Reports on Hurricane Irma from the National Hurricane Center on Saturday was somewhat favorable for the urban communities of Miami-Dade, Broward, and Palm Beach Counties. Each hourly forecast had the storm shifting more to the west coast. If this path continues Irma would be a danger to cities like Naples, Fort Myers, and Tampa.
The hurricane, one of the most powerful hurricanes ever reach a sustained wind speed of 185 mph on Wednesday, weakened to 125 mph or Category 3 status as it moved off the northern coast of Cuba at noon on Saturday. It was expected to make its northern turn towards Florida and forecaster believed as the storm travels over the warm waters of the Florida Strait it could regain its strength and reach the lower keys early Sunday morning as a Category 4 hurricane with winds over 135 mph.
Although Irma is forecasted to trek west and impact Florida’s west coast, because the width of the system is some 300 miles, communities on the east coast of South Florida is expected to feel its effects, but mostly as a tropical storm.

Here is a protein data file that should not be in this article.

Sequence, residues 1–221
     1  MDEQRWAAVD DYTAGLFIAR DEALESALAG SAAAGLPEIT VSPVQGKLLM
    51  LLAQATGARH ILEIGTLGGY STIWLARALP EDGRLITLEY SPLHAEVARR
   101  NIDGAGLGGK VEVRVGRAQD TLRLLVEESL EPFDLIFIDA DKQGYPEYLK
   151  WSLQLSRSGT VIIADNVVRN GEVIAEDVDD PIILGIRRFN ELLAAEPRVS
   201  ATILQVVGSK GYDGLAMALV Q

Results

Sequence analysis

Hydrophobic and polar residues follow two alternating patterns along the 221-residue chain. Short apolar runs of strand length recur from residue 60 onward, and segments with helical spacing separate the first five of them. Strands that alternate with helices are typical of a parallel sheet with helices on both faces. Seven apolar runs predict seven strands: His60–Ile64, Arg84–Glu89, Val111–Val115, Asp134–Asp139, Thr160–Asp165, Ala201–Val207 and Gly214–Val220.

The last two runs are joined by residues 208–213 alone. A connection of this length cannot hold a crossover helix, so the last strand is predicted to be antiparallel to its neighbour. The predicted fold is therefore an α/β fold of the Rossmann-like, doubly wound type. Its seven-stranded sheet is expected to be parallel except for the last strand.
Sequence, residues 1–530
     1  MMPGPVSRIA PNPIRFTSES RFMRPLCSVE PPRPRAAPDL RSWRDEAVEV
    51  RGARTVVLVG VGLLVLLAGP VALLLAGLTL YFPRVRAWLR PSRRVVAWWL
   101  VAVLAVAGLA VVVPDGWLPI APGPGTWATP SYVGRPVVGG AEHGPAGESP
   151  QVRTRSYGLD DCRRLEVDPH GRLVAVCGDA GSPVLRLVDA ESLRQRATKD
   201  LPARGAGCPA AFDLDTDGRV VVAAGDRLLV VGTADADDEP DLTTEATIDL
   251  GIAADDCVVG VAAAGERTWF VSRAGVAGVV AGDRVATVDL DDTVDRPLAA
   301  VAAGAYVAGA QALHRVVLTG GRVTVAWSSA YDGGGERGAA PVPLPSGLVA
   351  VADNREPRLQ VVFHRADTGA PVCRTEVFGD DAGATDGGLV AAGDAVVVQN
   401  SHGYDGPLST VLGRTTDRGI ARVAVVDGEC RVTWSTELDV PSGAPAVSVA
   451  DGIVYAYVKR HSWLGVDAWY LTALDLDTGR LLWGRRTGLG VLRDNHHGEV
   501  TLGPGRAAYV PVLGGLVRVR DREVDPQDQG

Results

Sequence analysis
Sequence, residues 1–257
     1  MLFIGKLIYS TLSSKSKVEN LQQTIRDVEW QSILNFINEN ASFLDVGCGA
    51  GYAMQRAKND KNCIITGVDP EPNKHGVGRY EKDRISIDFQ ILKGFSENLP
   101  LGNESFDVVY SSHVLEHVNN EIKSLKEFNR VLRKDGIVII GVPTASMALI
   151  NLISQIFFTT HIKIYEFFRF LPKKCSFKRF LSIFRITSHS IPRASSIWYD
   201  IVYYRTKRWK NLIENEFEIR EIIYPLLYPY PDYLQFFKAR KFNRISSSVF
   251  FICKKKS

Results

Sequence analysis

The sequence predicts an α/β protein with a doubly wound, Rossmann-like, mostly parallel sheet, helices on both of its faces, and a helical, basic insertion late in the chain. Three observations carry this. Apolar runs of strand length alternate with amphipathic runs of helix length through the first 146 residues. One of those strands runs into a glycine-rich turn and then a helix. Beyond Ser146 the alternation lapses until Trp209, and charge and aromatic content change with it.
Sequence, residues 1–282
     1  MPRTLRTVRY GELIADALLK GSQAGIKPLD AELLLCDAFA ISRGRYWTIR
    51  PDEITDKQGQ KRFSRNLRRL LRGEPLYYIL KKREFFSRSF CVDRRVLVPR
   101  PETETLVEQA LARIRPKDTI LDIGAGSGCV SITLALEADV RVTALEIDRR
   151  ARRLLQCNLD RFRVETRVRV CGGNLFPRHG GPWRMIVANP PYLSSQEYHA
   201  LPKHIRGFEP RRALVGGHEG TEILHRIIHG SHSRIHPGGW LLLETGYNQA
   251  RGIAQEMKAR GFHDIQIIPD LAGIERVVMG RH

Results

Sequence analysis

On Saturday morning residents in Southwest Miami woke up to a thunderstorm and winds of approximately 37 mph. Throughout the day there were intermittent heavy rainfalls and wind gusts. The weather was expected to deteriorate as the day and night progresses. The worst weather was expected between 7 a.m. and noon on Sunday. According to the NHC winds could hover between 75 and 100 mph.
Electricity was on during most of the day in South Florida, but there were reports of thousands of residents losing power temporarily in Miami.
The NHC maintained it was still uncertain on Saturday afternoon where Irma would ultimately make landfall in Florida because of the storm’s angle to the coast.
While Miami and the southeast coast could likely avoid receiving a direct hit, Southeast Florida was still expected to be a dangerous storm surge as strong winds push water inland.